Elderly man leans in and cups ear to try to hear his spouse while sitting on a park bench

In conversation with friends, you want to be polite. You want your clients, colleagues, and supervisor to see that you’re fully engaged when you’re at work. You regularly find yourself needing family to repeat themselves because it was less difficult to tune out parts of the discussion that you couldn’t hear very well.

On zoom calls you move in closer. You look for facial hints, listen for inflection, and pay close attention to body language. You try to read people’s lips. And if all else fails – you fake it.

Maybe you’re in denial. You’re straining to keep up because you missed most of what was said. You might not know it, but years of progressive hearing loss can have you feeling cut off and discouraged, making tasks at work and life at home unnecessarily overwhelming.

Some research shows that situational factors including environmental acoustics, background noise, competing signals, and situational awareness have a strong influence on how a person hears. These factors are relevant, but they can be a lot more extreme for people who are suffering from hearing loss.

Some hearing loss behaviors to look out for

Here are some behaviors to help you identify whether you are, in fact, fooling yourself into thinking hearing loss isn’t affecting your professional and social relationships, or whether it’s just the acoustics in the environment:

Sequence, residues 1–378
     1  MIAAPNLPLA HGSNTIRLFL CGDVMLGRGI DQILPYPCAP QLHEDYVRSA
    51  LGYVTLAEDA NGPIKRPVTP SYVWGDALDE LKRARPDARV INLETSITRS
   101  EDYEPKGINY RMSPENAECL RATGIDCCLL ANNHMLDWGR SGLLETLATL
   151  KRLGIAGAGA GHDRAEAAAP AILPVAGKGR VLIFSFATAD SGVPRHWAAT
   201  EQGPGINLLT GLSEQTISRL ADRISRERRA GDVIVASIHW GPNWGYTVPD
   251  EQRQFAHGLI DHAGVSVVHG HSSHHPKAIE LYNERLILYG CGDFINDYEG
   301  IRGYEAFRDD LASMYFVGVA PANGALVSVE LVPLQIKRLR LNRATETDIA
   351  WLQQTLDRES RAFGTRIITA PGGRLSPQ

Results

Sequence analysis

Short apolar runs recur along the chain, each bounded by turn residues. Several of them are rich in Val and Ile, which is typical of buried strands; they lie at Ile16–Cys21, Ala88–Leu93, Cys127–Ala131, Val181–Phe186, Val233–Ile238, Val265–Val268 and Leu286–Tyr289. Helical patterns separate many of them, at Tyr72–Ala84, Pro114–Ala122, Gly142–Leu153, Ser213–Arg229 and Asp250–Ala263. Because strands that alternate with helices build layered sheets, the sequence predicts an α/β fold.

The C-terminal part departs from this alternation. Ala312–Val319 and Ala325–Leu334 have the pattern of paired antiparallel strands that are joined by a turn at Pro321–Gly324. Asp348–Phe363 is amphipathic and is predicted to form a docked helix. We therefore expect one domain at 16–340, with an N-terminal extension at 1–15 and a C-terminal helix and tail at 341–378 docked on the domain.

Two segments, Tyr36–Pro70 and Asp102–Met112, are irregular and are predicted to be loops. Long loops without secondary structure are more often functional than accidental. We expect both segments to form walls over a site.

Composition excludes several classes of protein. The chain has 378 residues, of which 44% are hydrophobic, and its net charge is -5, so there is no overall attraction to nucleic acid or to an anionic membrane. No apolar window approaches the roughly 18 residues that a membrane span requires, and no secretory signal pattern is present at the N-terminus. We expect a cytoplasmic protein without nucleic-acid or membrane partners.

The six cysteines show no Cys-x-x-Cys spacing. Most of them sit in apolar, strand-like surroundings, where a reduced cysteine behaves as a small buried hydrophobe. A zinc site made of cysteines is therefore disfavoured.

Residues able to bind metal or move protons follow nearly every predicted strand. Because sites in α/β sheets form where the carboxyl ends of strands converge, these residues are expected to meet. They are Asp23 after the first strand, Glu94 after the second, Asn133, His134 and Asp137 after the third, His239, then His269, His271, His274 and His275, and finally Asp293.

• Feeling as if people are mumbling and not talking clearly
  • Finding it more difficult to hear phone conversations
  • Having a hard time hearing what others behind you are saying
  • Asking others what was said after pretending you heard what they were saying
  • Leaning in during conversations and instinctively cupping your ear with your hand
  • Requesting that repeat themselves again and again… and again

Hearing loss probably didn’t happen overnight even though it may feel that way. Acknowledging and getting help for hearing loss is something that takes most individuals at least 7 years.

So if you’re detecting symptoms of hearing loss, you can be sure that it’s been going on for some time undetected. Hearing loss is no joke so stop fooling yourself and schedule an appointment now.

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The site information is for educational and informational purposes only and does not constitute medical advice. To receive personalized advice or treatment, schedule an appointment.

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